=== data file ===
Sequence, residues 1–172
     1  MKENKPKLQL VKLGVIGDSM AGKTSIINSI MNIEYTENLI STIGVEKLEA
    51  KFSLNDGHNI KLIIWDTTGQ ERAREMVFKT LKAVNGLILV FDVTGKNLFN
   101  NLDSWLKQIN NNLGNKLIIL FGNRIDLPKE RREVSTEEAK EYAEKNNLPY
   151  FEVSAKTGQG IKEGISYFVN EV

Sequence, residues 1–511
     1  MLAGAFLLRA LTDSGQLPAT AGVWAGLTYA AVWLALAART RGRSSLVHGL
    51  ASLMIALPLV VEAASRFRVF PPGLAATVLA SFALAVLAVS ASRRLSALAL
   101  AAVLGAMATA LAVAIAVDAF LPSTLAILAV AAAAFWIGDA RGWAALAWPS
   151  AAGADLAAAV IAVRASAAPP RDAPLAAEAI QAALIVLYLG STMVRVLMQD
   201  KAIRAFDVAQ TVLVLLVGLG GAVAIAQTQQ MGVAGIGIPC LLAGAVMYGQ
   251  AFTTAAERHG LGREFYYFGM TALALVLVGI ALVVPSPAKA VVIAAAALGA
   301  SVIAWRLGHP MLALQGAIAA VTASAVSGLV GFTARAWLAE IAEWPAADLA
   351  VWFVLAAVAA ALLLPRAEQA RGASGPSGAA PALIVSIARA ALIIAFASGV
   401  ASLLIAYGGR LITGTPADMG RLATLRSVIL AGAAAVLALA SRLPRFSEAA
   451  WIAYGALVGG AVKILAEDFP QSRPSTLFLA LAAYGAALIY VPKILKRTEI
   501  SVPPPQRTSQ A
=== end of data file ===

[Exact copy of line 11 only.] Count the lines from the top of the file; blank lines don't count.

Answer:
   201  KAIRAFDVAQ TVLVLLVGLG GAVAIAQTQQ MGVAGIGIPC LLAGAVMYGQ